[On October 1st, 1890, Congress established California’s Yosemite National Park. So this week I’ll AmericanStudy Yosemite and four other amazing National Parks, leading up to a special weekend post on their counterparts, National Historic Sites.]
On two interesting comparisons for one of our newest National Parks.
Earlier this month, as a small part of a very large Congressional bill (the National Defense Authorization Act of 2015), the longstanding Blackstone River Valley National Heritage Corridor was upgraded, becoming (after a decade of efforts and activism) the Blackstone River Valley National Historical Park. As that second linked article suggests, the change is far more than semantic—gaining National Park status brings with it a great deal of development and support, linking the area to the National Park Service and turning it into much more of a organized and coherent entity than had been possible in the prior incarnation. The self-proclaimed (American) “Birthplace of the Industrial Revolution,” an area running along the potent Blackstone River from Worcester all the way to Providence, Rhode Island (making it one of the few National Parks to span multiple states), will now be presented and interpreted in all its historical and social significance for generations to come.
The new park’s multi-state span is one of a few things that differentiate it from most of its fellow National Parks, but I would still highlight a couple of comparisons that can shed light on what and how this park might achieve its goals most effectively. Salem, Massachusetts is home to a wonderful park, the Salem Maritime National Historic Site. Featuring a dozen buildings, multiple wharfs, a reconstructed tall ship, and a number of other elements, the Salem Maritime park does an excellent job interpreting multiple centuries and stages of work, community, and life in the city and region. The Derby Wharf section alone includes all those centuries and stages in its different buildings and placards. Compared, for example, to battlefield national parks such as Gettysburg or Yorktown, which focus on a few days’ worth of historical events and issues, the Blackstone River Valley Park will have to cover more than a century of industrial and social history and culture, and the Salem Maritime National Historic Site provides an excellent model for doing so successfully.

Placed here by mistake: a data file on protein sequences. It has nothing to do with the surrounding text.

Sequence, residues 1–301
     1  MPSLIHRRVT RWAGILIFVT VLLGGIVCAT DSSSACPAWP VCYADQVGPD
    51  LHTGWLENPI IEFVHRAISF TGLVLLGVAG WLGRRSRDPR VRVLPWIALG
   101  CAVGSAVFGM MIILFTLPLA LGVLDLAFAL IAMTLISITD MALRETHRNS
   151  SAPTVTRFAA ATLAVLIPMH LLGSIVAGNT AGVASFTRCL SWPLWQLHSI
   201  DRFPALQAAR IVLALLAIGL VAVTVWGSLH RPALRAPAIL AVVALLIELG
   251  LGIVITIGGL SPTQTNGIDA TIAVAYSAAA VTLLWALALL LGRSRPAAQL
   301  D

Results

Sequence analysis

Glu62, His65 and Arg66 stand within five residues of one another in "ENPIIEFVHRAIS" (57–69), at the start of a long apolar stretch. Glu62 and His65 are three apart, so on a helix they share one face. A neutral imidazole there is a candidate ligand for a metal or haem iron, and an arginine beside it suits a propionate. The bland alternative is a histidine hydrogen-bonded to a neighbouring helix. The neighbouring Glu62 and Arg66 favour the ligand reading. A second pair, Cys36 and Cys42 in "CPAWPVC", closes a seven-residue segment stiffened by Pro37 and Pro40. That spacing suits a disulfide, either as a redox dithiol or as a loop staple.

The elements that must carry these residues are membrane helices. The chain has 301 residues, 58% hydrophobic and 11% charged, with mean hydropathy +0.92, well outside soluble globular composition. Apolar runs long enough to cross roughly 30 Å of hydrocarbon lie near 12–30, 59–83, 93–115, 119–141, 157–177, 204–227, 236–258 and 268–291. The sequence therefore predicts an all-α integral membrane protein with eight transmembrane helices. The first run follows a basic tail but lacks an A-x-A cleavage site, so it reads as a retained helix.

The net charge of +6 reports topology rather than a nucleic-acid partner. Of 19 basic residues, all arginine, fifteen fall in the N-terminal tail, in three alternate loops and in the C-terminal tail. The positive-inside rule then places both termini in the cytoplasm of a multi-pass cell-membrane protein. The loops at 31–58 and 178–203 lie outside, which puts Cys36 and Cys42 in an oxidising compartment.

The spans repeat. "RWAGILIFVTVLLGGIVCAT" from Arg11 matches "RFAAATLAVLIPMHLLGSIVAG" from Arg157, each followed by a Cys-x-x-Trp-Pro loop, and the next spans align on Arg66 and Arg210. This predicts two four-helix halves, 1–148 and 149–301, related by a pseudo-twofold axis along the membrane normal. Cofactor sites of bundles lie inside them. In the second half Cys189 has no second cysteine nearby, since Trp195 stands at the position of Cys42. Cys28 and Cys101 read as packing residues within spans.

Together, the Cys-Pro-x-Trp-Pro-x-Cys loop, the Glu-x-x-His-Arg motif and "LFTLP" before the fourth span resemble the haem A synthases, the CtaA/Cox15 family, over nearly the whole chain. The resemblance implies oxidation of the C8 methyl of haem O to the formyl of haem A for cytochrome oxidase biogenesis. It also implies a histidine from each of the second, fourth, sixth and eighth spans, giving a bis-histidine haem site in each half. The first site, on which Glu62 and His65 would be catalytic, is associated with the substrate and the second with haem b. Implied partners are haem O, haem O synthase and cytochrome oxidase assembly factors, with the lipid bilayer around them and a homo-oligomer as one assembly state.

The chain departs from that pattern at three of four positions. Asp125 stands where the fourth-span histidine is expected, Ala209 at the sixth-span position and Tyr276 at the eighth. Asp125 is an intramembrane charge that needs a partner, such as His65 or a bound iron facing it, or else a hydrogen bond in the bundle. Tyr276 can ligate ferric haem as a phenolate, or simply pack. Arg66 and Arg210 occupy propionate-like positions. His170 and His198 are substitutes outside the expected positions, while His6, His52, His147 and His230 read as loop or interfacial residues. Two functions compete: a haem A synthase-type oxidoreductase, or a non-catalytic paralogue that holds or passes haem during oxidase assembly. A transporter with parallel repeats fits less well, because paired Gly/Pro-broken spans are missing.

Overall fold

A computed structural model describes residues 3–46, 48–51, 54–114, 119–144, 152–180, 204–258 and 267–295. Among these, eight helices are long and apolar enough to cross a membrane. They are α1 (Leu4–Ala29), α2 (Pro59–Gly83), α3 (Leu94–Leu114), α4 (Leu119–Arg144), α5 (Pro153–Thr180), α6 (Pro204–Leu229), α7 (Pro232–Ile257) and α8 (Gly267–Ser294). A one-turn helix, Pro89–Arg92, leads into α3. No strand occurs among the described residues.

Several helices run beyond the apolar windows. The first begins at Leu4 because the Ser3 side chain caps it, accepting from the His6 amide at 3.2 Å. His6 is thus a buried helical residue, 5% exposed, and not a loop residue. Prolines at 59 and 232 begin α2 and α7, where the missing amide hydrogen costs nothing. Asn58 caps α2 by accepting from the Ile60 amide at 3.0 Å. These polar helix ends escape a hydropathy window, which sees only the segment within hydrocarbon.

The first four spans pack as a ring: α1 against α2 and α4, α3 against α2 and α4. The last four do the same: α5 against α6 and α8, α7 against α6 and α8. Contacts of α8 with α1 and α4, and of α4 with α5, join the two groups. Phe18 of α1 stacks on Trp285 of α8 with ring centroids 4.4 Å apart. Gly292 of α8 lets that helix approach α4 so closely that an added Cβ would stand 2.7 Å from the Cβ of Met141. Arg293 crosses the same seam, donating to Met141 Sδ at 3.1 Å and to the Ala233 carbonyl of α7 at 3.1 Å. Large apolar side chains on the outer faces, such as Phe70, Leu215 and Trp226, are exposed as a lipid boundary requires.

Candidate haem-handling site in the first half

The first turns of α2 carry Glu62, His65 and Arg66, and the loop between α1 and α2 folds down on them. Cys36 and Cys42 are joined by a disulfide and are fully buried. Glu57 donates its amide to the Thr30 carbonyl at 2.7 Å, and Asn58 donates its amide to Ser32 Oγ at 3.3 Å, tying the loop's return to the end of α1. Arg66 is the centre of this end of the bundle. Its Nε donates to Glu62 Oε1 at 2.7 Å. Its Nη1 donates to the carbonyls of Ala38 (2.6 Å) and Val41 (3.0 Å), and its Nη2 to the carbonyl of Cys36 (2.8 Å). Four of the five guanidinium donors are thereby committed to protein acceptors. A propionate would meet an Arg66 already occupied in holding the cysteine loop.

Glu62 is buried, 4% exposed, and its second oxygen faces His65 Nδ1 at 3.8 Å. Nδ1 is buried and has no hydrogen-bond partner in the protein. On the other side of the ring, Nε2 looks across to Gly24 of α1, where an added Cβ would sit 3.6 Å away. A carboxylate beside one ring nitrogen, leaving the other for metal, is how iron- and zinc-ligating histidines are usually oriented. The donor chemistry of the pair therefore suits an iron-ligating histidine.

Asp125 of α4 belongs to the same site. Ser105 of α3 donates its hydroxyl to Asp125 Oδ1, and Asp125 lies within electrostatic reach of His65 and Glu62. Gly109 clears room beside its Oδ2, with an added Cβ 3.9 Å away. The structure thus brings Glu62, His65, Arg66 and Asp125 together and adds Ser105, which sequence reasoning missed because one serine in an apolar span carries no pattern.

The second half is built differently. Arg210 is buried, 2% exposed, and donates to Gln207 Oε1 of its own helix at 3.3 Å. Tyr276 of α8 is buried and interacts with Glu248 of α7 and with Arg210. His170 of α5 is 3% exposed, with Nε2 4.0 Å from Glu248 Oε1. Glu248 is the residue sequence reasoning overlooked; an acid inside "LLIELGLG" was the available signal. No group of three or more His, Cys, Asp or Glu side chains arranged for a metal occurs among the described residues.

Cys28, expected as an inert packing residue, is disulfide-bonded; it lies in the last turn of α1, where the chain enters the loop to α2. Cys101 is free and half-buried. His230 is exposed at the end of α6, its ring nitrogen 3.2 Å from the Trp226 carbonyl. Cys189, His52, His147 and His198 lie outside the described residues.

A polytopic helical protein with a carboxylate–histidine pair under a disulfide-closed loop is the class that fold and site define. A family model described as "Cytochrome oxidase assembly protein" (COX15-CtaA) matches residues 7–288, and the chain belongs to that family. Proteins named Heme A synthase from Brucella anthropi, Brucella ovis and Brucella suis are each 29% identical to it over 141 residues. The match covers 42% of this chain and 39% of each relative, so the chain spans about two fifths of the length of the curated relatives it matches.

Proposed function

On the other hand, Salem Maritime occupies an area of a few square miles; the Blackstone River Valley Park will cover (as has the Heritage Corridor) a distance of some forty-five miles, to say nothing of how far it extends on both sides of the river. For a comparison with that element, I would turn to one of the national parks around which I grew up: Virginia’s Shenandoah National Park. The Skyline Drive, a winding, scenic road atop the Blue Ridge Mountains, travels more than 100 miles, and yet is all part of the same unified national park identity and interpretation, with its many distinct stops and areas comprising their own unique identities yet tied together consistently and coherently. While Shenandoah and Skyline focus much more on natural rather than historical or cultural subjects, this large yet linked and coherent park community offers a rich and successful model for how a park as spacious and far-reaching as Blackstone River Valley can move through its many different places and communities yet maintain that overarching sense identity and history. I’ll be interested to see how Blackstone River Valley takes its next steps!
Next Park tomorrow,
PS. What do you think? Other National Parks you’d highlight?
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